|Kim Ki-young's The Housemaid (1960)|
Kim Ki-young’s The Housemaid (1960), perhaps the greatest Korean film ever made, appeared on the scene during a unique time in Korean cultural and political history. This was the thaw that occurred between the 1960 overthrow of the authoritarian regime of Rhee Syng-man and the 1961 coup that brought Park Chung-hee to power (his daughter, Park Geun-hi, is South Korea’s current president). There was a great artistic flowering during this brief liberal interlude and Korean cinema experienced something of a golden age, of which Kim Ki-young’s The Housemaid is perhaps the best representative.
The film follows a wicked young femme fatale as she insinuates herself into the middle-class household of an unassuming piano teacher, whom she sets about seducing. The film is gloriously moody and atmospheric (and sexist as all fuck, but one has to look past that). Its place in Korean cinema is so iconic that the challenge of remaking it—and remaking it well—would seem to be quite daunting (although this is really the challenge of all remakes, which so rarely justify themselves). It would be comparable, in an American context, to remaking Alfred Hitchcock’s Psycho, which Gus Van Sant inexplicably did in 1998, to disastrous results. But in 2010, on the fiftieth anniversary of Kim Ki-young’s film, Korean filmmaker Im Sang-soo rose to the occasion.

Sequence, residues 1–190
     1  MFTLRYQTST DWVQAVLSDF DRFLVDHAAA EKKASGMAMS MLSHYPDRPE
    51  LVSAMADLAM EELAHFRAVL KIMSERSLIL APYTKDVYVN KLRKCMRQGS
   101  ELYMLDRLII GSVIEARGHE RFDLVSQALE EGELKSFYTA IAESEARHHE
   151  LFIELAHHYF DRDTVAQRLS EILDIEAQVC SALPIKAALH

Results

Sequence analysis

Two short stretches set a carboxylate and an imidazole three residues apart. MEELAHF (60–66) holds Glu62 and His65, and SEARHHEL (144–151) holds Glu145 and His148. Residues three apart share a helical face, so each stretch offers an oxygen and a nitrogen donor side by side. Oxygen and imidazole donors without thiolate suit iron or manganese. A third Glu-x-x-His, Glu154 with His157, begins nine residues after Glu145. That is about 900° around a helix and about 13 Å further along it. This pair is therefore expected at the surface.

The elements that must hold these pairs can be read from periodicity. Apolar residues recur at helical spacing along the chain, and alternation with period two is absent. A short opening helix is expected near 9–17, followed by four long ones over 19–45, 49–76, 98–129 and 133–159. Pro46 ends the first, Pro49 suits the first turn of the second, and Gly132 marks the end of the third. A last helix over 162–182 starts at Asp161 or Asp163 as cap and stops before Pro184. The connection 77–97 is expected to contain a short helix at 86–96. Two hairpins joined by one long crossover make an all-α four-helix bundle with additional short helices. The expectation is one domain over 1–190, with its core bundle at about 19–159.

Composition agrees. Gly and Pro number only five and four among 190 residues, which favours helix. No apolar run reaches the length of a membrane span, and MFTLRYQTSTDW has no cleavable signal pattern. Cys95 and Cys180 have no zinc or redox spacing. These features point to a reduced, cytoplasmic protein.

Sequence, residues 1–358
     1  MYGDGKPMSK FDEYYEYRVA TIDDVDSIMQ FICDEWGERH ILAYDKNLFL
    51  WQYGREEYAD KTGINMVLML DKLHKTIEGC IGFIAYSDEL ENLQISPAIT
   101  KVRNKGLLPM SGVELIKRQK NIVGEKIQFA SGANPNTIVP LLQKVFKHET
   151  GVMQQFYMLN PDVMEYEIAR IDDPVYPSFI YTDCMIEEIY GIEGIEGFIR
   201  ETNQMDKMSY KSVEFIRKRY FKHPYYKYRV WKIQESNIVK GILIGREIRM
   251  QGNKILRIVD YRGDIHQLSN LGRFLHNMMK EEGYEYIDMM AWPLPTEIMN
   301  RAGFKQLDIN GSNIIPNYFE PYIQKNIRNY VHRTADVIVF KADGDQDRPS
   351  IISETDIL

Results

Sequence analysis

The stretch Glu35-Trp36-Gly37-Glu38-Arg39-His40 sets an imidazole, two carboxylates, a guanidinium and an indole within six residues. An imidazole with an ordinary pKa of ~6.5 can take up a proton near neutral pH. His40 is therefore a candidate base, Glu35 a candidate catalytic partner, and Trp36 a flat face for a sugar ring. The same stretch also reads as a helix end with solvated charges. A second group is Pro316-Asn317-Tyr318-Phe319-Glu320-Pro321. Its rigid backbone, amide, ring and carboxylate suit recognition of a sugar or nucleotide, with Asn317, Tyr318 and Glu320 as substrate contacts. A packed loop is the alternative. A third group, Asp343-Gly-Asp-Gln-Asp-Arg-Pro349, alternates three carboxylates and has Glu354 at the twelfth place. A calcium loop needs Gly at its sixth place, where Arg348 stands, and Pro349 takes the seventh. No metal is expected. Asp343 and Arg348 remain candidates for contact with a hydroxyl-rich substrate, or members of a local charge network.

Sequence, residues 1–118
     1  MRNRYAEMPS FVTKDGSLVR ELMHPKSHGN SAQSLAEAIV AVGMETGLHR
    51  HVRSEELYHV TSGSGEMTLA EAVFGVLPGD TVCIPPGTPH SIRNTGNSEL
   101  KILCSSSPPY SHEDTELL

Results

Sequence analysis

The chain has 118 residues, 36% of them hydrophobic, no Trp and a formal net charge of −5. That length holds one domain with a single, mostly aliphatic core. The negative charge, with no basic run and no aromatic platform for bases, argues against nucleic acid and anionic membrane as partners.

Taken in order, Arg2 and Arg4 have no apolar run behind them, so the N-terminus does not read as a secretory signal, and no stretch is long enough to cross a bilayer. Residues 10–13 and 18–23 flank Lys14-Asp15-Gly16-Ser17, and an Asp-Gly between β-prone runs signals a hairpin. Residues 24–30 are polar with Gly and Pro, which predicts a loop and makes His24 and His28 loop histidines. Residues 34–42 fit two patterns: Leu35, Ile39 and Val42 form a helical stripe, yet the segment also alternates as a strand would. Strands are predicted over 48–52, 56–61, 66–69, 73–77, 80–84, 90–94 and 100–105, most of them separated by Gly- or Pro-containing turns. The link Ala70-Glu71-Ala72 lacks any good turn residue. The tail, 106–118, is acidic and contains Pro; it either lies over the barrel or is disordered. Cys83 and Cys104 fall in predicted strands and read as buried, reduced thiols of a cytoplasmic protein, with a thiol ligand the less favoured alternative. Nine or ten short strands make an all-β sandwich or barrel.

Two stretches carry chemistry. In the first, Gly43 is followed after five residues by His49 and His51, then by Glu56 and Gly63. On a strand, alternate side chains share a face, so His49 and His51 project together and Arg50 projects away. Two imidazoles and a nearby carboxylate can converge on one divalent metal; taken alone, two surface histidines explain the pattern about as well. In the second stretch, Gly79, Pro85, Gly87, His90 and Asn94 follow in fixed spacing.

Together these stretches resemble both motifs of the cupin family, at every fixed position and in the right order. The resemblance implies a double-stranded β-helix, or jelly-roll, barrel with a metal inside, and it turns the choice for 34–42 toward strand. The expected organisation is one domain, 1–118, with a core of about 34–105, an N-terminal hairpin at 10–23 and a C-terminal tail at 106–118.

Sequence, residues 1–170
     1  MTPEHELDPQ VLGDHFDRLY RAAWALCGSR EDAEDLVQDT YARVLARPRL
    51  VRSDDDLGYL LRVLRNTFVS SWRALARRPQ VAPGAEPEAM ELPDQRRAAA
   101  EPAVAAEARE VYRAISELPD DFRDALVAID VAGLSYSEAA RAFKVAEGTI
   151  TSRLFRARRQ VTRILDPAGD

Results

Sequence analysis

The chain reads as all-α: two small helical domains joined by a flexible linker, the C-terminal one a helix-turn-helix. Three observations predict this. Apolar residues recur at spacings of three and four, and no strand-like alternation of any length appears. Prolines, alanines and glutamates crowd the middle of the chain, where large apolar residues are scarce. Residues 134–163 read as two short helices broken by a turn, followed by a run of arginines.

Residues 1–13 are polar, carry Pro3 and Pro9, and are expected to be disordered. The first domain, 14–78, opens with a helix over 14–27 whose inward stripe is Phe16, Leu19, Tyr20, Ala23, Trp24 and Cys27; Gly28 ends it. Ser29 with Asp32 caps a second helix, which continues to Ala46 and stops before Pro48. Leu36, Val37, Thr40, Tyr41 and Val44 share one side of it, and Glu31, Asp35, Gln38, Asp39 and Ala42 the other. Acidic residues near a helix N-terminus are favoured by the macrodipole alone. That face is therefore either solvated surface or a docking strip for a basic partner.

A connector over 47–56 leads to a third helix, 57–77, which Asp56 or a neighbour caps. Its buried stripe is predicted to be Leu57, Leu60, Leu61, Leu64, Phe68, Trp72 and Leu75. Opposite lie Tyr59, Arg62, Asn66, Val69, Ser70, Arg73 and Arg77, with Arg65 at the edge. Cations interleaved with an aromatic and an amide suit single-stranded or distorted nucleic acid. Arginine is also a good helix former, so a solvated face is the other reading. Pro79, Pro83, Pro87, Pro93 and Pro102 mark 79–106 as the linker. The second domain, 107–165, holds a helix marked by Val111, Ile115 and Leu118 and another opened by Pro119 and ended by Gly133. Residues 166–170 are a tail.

Now, Im has a mixed track record, based on the three films of his that have been released in the United States. There’s 2005’s controversial The President’s Last Bang, about the 1979 assassination of the abovementioned Park Chung-hee, which doesn’t know if it wants to play itself as dark comedy or political thriller and largely fails at both. Then there’s 2010’s The Housemaid, which I’ll discuss in just a moment. And finally there’s 2012 evil rich people sleaze-fest The Taste of Money, which was the big flop of the 2012 Cannes Film Festival, but which I enjoyed well enough. The Taste of Money knows exactly what it wants to be: a vicious satire on 21st-century plutocratic capitalism, just as applicable in Korea as in the United States.
|Im Sang-soo's The Housemaid (2010)|